May Newsline: Water rate increase for Sacramento, federal money in play for water/sewer upgrades

May 2009 Vol. 64 No. 5

New approaches needed to build U.S. infrastructure

If the United States is to build the infrastructure it truly needs for the 21st Century, then new approaches are needed, experts from business, trade associations, labor and the academic world, together with current and former policymakers, recently agreed.

Such experts gathered at the Rebuilding America’s Infrastructure for Global Competitiveness, conference hosted by Iona College and sponsored by Terex Corporation, to explain that the nation needs to re-think the way it plans and invests in infrastructure initiatives, putting politics aside and making “smart” choices that will benefit the nation’s economic well being for the long run.

“Our infrastructure is deteriorating faster than we can keep up with it, let alone dealing with new capacity, and it is seldom tailored to the challenges of today,” said U.S. Rep. Earl Blumenauer of Oregon. “While problems get more acute, too many politicians will focus on what they don't want to do and what they’re against, as opposed to what they can do, what they should do and what they will do, and then proceed with programs as they have done for 10 or 20 or 50 years or more. We no longer have that luxury. Luckily, I think there is a perfect storm that is aligning for solutions.”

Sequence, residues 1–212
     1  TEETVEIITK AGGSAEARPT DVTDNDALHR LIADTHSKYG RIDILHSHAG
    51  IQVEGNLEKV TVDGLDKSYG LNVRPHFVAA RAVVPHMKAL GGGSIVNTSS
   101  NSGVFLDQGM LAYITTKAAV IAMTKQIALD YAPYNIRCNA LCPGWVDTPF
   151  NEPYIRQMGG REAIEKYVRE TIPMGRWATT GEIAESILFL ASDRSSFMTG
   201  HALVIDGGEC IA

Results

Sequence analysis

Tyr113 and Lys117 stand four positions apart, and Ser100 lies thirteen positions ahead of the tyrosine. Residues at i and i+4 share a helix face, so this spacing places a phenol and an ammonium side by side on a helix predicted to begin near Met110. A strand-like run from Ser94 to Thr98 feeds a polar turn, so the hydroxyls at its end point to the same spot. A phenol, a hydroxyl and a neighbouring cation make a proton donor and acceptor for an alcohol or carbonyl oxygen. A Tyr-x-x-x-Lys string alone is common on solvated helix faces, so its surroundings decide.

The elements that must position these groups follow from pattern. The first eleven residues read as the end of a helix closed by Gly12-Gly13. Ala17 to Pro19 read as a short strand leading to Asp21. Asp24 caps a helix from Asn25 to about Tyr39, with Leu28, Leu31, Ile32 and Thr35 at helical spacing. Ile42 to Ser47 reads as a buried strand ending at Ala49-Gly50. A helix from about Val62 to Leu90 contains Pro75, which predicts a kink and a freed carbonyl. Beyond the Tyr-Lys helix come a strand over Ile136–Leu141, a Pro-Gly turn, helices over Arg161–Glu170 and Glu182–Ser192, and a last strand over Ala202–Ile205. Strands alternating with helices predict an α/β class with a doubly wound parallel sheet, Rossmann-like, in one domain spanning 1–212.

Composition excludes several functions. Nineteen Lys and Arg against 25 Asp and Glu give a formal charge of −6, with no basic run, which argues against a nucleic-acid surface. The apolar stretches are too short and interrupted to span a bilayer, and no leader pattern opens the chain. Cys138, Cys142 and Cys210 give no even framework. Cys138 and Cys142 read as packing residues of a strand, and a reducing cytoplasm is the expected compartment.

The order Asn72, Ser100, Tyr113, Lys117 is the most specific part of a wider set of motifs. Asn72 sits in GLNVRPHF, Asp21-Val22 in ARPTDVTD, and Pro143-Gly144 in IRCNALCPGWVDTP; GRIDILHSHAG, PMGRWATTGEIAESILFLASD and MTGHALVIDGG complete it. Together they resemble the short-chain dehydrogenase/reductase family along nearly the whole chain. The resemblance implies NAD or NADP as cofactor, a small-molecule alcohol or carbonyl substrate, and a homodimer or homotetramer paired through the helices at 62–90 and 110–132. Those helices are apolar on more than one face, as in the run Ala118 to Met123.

Andrew Herrmann, chairman of the American Society of Civil Engineers’ 2009 Report Card on America’s Infrastructure, estimates that $2.2 trillion will be needed over five years to bring the nation’s infrastructure “back to a good condition.” He echoed a recurrent theme of the conference saying, “This year’s economic stimulus package, the American Recovery and Reinvestment Act, basically included about $100 billion for infrastructure. And it was an important first step in improving the nation’s infrastructure. While this is a substantial amount, the amount invested should only be seen as a down payment on the sustained investment needed for our infrastructure.”

Keynote speaker Gerard Mooney, general manager of Global Government and Education at IBM, commented that our country has the opportunity to build infrastructure for the future. “I totally believe that the technology is ready to deploy. It’s really about shifting and starting to meld the digital with the physical infrastructure and coming up with new systems. And what that means is that the associations and the people who are responsible for either funding this type of infrastructure, or building it, or advising on it, or planning it, they now have to start thinking about what are the other disciplines we need to bring into the dialogue.”